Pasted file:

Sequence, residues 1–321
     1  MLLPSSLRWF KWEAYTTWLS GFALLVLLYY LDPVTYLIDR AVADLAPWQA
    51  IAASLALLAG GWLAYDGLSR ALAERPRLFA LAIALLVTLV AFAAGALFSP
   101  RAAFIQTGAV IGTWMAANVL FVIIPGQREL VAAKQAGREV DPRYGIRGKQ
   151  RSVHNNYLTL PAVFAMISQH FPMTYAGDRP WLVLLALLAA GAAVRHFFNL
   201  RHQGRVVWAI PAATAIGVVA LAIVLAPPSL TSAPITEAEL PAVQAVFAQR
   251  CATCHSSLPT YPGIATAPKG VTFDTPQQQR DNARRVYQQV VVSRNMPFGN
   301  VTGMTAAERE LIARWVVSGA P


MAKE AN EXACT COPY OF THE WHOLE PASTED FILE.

Sequence, residues 1–321
     1  MLLPSSLRWF KWEAYTTWLS GFALLVLLYY LDPVTYLIDR AVADLAPWQA
    51  IAASLALLAG GWLAYDGLSR ALAERPRLFA LAIALLVTLV AFAAGALFSP
   101  RAAFIQTGAV IGTWMAANVL FVIIPGQREL VAAKQAGREV DPRYGIRGKQ
   151  RSVHNNYLTL PAVFAMISQH FPMTYAGDRP WLVLLALLAA GAAVRHFFNL
   201  RHQGRVVWAI PAATAIGVVA LAIVLAPPSL TSAPITEAEL PAVQAVFAQR
   251  CATCHSSLPT YPGIATAPKG VTFDTPQQQR DNARRVYQQV VVSRNMPFGN
   301  VTGMTAAERE LIARWVVSGA P